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New stock exchange indices designed to cover more bases

Remember the movie Trading Places?

The ASX certainly appears to. In recent months they have made substantial changes to the indices that are usually seen as the benchmarks of trading on the market.

Historically, the All Ordinaries Index has been the primary benchmark of the Australian sharemarket.

The newspapers and radio stations are usually full of comments about the movement of the All Ords.

This movement is then seen as the barometer of the day’s trade and gives us, the mug punters, some form of feeling as to the direction of the market.

The All Ords has generally covered between 85 per cent and 90 per cent of the stockmarket and contained between 280 and 350 securities.

Index fund managers will usually try and replicate the index.

Given that their charter is to do so at low cost, then the presence of a large number of stocks within the index will not allow this to happen.

As a result, for some time now index fund managers have been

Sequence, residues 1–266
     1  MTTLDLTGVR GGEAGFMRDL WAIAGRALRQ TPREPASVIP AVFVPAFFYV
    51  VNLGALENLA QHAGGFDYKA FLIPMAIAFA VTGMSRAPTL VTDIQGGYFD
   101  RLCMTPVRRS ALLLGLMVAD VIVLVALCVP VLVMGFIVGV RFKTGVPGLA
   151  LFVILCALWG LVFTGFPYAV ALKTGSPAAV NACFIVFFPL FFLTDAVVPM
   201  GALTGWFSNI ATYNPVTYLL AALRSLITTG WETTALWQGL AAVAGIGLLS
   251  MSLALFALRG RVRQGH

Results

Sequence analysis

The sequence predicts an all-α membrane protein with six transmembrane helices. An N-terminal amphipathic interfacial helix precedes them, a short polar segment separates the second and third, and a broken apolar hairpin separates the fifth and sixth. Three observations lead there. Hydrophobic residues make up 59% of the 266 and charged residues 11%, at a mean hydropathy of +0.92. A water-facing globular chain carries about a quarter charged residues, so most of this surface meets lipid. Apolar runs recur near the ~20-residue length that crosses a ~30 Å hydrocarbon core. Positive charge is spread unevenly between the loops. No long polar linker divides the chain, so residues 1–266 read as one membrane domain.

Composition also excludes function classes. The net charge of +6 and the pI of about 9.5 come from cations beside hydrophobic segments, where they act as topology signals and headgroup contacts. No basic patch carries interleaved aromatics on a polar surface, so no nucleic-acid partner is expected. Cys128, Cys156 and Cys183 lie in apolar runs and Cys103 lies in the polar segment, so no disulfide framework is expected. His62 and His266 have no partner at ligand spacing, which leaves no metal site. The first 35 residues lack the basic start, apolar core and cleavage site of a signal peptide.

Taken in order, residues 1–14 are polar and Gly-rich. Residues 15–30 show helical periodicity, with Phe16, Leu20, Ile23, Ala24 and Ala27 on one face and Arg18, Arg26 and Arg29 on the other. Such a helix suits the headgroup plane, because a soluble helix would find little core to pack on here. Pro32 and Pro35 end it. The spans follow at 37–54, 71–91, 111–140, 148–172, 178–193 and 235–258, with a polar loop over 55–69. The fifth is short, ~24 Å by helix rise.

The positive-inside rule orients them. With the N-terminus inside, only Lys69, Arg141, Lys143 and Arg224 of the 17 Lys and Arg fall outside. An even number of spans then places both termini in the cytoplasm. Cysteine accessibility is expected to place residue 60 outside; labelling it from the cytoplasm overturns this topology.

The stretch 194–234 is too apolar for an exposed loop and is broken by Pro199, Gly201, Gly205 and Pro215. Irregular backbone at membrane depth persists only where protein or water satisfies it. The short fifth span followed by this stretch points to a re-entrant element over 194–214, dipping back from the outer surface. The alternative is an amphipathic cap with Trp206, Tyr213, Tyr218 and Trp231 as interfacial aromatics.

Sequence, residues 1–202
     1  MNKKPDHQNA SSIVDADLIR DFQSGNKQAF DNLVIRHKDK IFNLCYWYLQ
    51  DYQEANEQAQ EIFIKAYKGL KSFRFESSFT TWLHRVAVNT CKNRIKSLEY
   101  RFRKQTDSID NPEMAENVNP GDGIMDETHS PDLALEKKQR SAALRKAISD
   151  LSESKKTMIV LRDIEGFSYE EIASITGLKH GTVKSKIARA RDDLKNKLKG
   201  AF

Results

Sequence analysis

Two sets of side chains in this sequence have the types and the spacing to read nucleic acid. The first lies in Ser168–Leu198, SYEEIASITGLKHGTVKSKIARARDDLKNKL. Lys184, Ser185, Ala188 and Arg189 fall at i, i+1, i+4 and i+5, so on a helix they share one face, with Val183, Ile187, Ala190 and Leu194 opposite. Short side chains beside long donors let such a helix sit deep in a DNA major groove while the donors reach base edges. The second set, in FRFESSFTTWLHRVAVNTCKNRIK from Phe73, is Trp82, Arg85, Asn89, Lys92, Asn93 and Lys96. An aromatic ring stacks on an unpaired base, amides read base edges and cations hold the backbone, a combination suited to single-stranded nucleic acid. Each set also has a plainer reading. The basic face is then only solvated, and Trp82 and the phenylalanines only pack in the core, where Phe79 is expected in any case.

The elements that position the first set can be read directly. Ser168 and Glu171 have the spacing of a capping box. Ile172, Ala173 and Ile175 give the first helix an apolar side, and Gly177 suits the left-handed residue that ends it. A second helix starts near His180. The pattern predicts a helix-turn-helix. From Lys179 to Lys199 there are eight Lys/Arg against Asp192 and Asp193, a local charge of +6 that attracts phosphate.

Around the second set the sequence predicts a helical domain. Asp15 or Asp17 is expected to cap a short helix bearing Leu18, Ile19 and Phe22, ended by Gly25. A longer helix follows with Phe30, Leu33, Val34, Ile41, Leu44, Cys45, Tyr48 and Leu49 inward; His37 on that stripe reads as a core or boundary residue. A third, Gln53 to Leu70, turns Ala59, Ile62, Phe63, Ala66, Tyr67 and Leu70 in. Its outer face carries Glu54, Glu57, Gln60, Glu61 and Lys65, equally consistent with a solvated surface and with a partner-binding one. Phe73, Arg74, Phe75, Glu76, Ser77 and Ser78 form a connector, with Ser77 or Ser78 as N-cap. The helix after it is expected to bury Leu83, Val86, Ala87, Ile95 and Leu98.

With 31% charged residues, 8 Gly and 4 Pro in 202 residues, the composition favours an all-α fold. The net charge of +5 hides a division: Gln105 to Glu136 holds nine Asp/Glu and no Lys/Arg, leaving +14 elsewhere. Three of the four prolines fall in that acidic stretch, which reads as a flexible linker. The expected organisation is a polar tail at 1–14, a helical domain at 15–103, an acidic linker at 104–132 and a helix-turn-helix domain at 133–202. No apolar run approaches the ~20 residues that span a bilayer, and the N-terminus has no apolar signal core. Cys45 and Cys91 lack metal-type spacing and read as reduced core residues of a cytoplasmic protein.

placing pressure on the ASX to change their index components and to reduce the number of securities that make up the index.

The ASX launched a series of index reviews culminating in the decision to reduce the emphasis on the All Ordinaries Index and establish several different indices to meet competing needs of different parties.

The new All Ordinaries Index is made up of 500 stocks. As a broad indicator, it is extremely representative of the market.

To make it more relevant to some of the sectors it is also divided into sub-indices as follows:

• ASX 20 (made up of the twenty largest stocks)

• ASX 50 (the fifty largest stocks)

• ASX 100 (the one hundred largest stocks)

• ASX 200 (the two hundred largest stocks)

• ASX 300 (the three hundred largest stocks)

• Small Ordinaries Index (ASX 300 less ASX 100)

The allocation to more benchmarks will allow fund managers to select benchmarks that are more representative of their portfolios.

This also allows investors and financial planners the ability to have a true comparison to determine whether a fund has remained ‘true to labe’ or has drifted away from its core competencies.

It is probably the case that the vast majority of managers will use the ASX 200 and ASX 300 as their benchmarks.

However, there are certain funds that concentrate on the smaller companies as their investment horizon.

For them, the Small Ordinaries Index will be the more relevant.

This means that we can assess our fund manager’s performance at any time against a true benchmark rather than an artificial one.

• Economist Suresh Rajan is a director and proper authority holder with Smith Martis Cork and Rajan – financial planners.

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